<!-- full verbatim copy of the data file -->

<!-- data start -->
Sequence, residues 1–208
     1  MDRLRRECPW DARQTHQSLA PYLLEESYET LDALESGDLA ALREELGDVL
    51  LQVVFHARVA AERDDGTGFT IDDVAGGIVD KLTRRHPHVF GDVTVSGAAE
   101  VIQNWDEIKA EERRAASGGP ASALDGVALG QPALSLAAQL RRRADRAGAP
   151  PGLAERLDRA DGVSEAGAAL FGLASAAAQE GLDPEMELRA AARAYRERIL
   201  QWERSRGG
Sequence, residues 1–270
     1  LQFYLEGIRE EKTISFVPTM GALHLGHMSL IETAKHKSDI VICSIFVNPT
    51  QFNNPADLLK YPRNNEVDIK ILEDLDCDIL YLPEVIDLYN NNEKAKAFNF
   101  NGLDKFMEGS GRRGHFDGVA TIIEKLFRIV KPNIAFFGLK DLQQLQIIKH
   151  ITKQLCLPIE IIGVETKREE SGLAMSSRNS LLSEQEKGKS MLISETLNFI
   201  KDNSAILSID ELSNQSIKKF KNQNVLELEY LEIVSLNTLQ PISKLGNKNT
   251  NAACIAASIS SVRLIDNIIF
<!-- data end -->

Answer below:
Sequence, residues 1–208
     1  MDRLRRECPW DARQTHQSLA PYLLEESYET LDALESGDLA ALREELGDVL
    51  LQVVFHARVA AERDDGTGFT IDDVAGGIVD KLTRRHPHVF GDVTVSGAAE
   101  VIQNWDEIKA EERRAASGGP ASALDGVALG QPALSLAAQL RRRADRAGAP
   151  PGLAERLDRA DGVSEAGAAL FGLASAAAQE GLDPEMELRA AARAYRERIL
   201  QWERSRGG
Sequence, residues 1–270
     1  LQFYLEGIRE EKTISFVPTM GALHLGHMSL IETAKHKSDI VICSIFVNPT
    51  QFNNPADLLK YPRNNEVDIK ILEDLDCDIL YLPEVIDLYN NNEKAKAFNF
   101  NGLDKFMEGS GRRGHFDGVA TIIEKLFRIV KPNIAFFGLK DLQQLQIIKH
   151  ITKQLCLPIE IIGVETKREE SGLAMSSRNS LLSEQEKGKS MLISETLNFI
   201  KDNSAILSID ELSNQSIKKF KNQNVLELEY LEIVSLNTLQ PISKLGNKNT
   251  NAACIAASIS SVRLIDNIIF